Harlesden-born Stone came to comedy in 1991 after being an engineer ("looking at ventilation, pipe work, heating work, eating shit soup"), all the while having a nagging voice at the back of his head that he wanted more. After his partner and now mother of his kids told him to try stand-up, he detonated his engineering career. Now he's one of the most sought-after comics on the circuit and has appeared on Mock the Week, 5Live's Fighting Talk, Buzzcocks et al. And as that "nagging voice" suggests, comedy is a pathological need for him.
"Stewart Francis was saying to me once that there are two types of comic: you either have to make people laugh or need to make people laugh. I'm definitely in the 'need' camp. It's terribly sad but I do need the adulation of others on a nightly basis. It helps me get through the day, it calms me down. Stewart said that he would give up comedy if he won the lottery, whereas I would do a gig to celebrate. And charge people admission for a laugh. Michael McIntyre is the same – he can't help himself, he has to be up there going 'look at me'."
It is probably of benefit to Stone's health that he doesn't do Edinburgh anymore (2008 was the last of the five festivals he has performed at), because of his devotion to Arsenal. Edinburgh can make June, July and August into a misery for comics, and when you spend September to May tearing your hair out about your beloved team, a man's gotta have a break.
Gooners will know all about Stone from the Tuesday Club Arsenal podcast, in which he is joined by host Alan Davies, Keith Dover and Tayo Popoola. It's essentially a bunch of mates sitting round chatting, with the 'record' button pressed down, making it a wonderfully uncontrived, unpretentious, unedited listen, and it's testament to the podcast that fans of other teams tune in.
"I love the podcast," he says, "I earn absolutely nothing from it but it's the thing I love doing the most. We're proper football fans and we're friends as well. I've known Alan for almost 20 years. So we can be very rude to each other hand nobody gets upset. We sit together at the games; there are about 11 of us in the same stand, and another 15 people dotted about, then after the game we go for a drink and crack on.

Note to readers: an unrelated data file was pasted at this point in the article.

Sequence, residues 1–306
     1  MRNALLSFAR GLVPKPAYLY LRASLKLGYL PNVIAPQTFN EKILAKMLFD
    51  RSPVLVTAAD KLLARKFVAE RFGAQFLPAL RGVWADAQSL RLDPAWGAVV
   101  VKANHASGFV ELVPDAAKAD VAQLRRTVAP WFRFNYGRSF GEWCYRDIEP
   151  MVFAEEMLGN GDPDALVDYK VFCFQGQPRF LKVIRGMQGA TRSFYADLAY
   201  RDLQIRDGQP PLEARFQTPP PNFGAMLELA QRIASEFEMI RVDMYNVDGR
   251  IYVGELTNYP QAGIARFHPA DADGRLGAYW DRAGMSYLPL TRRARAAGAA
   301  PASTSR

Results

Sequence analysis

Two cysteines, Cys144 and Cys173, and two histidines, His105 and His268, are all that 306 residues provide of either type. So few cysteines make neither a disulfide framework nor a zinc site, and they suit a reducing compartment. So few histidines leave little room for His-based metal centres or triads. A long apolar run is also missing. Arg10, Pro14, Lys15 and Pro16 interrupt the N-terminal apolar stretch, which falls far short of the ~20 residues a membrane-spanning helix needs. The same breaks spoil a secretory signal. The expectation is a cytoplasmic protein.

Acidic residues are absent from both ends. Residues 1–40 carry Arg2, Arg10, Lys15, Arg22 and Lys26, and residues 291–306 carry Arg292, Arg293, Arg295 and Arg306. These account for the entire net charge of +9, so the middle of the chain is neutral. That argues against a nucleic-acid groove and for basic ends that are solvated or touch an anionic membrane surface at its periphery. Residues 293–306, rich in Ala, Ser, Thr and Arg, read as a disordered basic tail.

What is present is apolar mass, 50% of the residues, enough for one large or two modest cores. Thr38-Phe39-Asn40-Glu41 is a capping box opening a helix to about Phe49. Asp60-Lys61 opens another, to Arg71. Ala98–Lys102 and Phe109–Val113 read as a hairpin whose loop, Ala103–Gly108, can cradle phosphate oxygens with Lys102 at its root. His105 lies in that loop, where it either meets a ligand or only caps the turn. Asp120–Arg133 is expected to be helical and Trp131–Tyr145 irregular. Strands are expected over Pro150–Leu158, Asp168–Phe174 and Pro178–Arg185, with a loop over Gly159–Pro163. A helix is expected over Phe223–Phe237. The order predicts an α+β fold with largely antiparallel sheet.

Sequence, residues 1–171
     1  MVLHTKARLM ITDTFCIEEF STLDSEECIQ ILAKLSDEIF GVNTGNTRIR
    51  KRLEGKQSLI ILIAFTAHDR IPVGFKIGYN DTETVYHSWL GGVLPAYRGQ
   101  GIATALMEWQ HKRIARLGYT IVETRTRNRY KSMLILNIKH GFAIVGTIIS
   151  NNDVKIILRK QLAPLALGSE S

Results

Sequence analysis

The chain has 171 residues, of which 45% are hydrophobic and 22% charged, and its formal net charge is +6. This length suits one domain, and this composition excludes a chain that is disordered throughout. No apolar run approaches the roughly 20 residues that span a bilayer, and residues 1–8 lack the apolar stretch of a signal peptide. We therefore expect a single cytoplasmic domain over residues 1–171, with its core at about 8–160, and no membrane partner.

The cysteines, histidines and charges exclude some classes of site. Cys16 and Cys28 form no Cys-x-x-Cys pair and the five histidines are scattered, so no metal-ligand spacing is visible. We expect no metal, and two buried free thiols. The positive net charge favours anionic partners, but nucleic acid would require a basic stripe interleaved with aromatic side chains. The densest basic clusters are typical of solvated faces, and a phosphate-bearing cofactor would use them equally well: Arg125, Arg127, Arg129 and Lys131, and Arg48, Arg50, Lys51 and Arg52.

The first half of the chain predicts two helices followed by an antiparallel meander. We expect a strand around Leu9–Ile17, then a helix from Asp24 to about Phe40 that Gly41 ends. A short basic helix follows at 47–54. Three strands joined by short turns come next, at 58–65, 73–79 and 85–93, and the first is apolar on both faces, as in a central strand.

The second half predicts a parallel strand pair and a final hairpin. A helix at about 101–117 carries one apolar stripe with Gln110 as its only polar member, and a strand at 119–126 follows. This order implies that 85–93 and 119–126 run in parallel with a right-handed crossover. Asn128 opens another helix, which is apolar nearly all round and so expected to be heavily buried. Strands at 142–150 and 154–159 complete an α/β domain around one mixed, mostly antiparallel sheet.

"The podcast is very simple: we meet up once a week, sit down, say go, Alan says 'it's the Arsenal podcast, my name's Alan Davies, I've got Keith Dover with me,' and Keith will come out with some shit about something or other … and we're off. After an hour or 45 minutes, we stop. And we chat like that all the time.
"With Alan there and me, plus Keith, who used to be a comedian and is now a carpenter and is a tremendously funny guy, there's a bit comic heft in there. We're looking for the gags, but we're talking honestly and seriously in a serious away about something we love. And I don't think you can recreate that for anything else, because there's nothing quite so important and the same time as trivial as football."
• Stone firmly believes a good comedian is funny offstage as well as on. He singles out "a drunk Ben Norris" as a example of this. "When he's drunk, he's astonishing, to the point where your'e going, 'oh my god, you're a monster'."
• Re Arsenal, he suggests that Sami Nasri is over-rated ("I think he's had half a good season and he's getting ideas above his station"), he is far from doom-laden about the imminent departure of Cesc Fabregas ("you know, players come and players go, but Arsenal remains"), and he is optimistic that Robin Van Persie is becoming less brittle, and is more loyal to Arsenal than the likes of Nasri.
• Stone has to ration his compering of the Comedy Store's (new act) Gong Show to once every six months "because it's too much fun being nasty to young children, which is essentially what it is."
• He describes John Terry as an "appalling human being".